THROUGH ART WITH QUARANTINE
Role of Art during Quarantine
The world we knew is no more. The line between reality and illusion has been blurred beyond recognition. We live in a high-resolution sci-fi movie and what we thought was our reality seems illusionary now. The Covid-19 outbreak has affected our social, cultural, existential and economic realities in such a way that the human race has come to a standstill where the notion of progression we all believed in has lost its fundamental meaning. Isolated together, we occupy a bodily existence that is charged with chaos and disorder. How do we survive living in such disarray? What do we rely on as the nexus amidst this global pause? Tony Hall, the director general of the BBC, gave an apt and adequate answer introducing BBC’s culture in quarantine programme. Art, he says, is a valuable part of the human life, “It is a way of stimulating imagination, thought, and escapism. It’s a vital part of who we are as individuals and part of our identity as a nation.” Art is, and always will be, the one uplifting venture we turn to when everything else falls apart. A song, a book, a painting, a performance. What more to offer you a safe passage to a far-away land during this period of quarantine and occupy your thoughts during this period of isolation? As humans, we always turn to art whenever normalcy is challenged; we find solace and escapism in art so that our notion of routine is protected. The history and the present bear evidence of how art has served as the sole coping mechanism in periods of trepidation.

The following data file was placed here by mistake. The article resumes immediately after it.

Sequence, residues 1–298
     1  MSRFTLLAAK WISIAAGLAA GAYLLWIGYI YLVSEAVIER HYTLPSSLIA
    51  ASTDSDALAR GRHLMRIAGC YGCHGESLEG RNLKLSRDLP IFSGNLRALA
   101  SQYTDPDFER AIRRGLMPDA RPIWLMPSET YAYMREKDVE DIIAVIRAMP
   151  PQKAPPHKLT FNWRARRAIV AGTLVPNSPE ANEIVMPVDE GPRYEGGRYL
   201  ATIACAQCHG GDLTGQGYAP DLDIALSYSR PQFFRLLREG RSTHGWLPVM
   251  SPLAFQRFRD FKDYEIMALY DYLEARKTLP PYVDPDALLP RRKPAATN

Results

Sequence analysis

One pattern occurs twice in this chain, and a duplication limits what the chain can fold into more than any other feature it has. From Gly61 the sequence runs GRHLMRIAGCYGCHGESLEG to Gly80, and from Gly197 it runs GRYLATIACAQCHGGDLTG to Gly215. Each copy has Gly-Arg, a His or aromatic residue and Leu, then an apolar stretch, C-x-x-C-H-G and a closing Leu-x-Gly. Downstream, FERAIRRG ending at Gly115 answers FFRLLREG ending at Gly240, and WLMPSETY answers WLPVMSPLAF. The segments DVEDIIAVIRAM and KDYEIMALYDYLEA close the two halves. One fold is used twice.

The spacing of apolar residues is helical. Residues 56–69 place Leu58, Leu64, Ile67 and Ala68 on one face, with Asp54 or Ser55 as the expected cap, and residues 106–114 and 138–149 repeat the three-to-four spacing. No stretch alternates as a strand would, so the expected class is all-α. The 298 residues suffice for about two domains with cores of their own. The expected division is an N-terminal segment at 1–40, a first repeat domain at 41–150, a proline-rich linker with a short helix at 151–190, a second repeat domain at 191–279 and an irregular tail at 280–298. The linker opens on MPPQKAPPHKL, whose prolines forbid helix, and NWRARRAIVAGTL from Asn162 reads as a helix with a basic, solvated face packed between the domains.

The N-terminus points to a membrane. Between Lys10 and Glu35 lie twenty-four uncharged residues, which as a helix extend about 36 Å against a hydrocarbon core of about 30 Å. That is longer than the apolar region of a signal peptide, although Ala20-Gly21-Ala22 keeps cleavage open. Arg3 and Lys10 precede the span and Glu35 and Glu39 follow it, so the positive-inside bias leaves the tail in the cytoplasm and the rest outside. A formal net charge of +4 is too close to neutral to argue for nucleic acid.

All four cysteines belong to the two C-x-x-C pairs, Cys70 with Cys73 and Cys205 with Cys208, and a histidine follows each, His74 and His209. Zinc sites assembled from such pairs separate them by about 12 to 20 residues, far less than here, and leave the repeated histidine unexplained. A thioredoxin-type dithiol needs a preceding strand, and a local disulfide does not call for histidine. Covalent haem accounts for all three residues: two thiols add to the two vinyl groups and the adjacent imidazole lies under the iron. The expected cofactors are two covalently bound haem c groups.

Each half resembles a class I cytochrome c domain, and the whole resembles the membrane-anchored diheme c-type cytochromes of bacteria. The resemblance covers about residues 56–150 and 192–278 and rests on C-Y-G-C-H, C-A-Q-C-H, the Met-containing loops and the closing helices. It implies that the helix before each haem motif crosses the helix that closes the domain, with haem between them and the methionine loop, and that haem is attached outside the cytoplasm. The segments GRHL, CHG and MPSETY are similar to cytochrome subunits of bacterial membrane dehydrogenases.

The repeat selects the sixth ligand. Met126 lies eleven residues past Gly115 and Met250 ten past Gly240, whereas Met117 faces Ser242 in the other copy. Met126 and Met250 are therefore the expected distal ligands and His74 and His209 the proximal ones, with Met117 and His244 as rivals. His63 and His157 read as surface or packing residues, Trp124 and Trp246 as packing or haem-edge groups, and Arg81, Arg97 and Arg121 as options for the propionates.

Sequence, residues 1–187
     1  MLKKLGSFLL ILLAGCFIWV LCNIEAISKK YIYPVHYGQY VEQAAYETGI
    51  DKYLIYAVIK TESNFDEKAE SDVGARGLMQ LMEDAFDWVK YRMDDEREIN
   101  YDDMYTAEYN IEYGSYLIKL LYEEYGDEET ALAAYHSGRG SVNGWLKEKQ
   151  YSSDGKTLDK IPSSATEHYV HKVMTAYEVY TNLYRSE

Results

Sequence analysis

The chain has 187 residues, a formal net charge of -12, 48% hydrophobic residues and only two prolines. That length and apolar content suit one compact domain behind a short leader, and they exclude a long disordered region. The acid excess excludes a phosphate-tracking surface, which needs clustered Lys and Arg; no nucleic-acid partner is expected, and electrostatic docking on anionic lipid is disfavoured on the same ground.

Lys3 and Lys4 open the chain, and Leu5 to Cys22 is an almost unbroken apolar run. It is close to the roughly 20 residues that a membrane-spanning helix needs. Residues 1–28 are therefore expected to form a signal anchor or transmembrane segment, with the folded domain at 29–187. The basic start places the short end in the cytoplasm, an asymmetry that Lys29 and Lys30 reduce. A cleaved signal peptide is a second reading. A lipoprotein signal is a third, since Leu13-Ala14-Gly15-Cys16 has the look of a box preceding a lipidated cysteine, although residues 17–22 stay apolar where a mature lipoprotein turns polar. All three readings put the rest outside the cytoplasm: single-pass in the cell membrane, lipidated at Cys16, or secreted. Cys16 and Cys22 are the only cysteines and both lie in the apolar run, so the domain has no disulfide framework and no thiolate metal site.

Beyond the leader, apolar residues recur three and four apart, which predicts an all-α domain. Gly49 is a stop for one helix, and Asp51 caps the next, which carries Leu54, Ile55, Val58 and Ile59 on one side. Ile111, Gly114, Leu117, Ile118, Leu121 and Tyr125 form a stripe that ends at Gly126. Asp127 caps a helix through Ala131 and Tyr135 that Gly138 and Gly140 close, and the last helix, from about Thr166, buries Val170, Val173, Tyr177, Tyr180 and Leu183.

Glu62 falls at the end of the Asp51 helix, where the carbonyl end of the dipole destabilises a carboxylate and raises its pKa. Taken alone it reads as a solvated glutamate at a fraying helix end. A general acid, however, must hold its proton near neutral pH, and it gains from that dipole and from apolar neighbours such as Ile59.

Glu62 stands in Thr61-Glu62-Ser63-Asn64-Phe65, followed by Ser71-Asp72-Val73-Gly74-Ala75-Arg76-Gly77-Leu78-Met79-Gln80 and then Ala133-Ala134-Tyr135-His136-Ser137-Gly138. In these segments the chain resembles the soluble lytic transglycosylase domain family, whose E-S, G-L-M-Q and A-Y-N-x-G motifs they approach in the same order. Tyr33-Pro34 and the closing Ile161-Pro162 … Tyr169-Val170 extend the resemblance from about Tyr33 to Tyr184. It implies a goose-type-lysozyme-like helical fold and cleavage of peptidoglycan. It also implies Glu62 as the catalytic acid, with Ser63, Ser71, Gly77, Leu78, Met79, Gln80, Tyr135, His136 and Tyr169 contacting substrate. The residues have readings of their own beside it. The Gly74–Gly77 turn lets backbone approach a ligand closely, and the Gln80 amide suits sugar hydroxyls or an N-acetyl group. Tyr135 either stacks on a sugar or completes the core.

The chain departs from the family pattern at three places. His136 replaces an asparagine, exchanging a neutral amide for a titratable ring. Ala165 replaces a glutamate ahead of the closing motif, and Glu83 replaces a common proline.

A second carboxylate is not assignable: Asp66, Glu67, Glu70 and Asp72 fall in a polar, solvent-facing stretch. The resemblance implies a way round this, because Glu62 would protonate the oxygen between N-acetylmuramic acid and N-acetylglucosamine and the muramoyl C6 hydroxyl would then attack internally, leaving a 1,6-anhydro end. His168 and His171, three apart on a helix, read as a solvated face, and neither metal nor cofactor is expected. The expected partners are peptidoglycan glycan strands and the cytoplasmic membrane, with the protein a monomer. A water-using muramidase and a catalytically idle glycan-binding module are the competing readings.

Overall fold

Humans have inherently been sociable; we are sustained through the many social interactions we engage in throughout the day. Mutual existence and the sense of togetherness are fundamental to us; we have flocked together since the Stone Age, relying on the community for survival and evolution. What would happen if we were denied of community? To answer this, we need not look further. Living in these detrimental times, we are increasingly experiencing life detached from our fellow humans. With entire provinces locking down and more and more cities going in to quarantine with every passing day, we are forced to live without the human contact. We can no longer enjoy the luxury of going out engaging with our friends, hold events that gather hundreds of people. Covid-19 has redefined our life, imprisoning us in our homes, our worst nightmare come alive. And this is where art comes in. Art becomes the component that holds us together in this time of isolation. Our collective existence is sustained through art and only art. Shared art, be it visual, performance or written art, has become the agent that connects us with the rest of our tribe. Italy is the epitome that shows us how powerful and strong a connecting agent art is in times like this. Heartwarming footage of people performing from balconies that circulated through social media demonstrate that art, in times of isolation, becomes multi-functional. It is not limited to art for consumption but is furthered into art for connection as well. Italians play and sing for each other, ensuring that their community is sustained even amidst the prevailing tragedy. The street becomes the theatre, the balcony becomes the stage. Everyone and anyone is both the artist and the spectator. Singing music known to each other, they remind themselves that survival is possible through humanity. Even though physically apart, they become one through shared tunes and notes.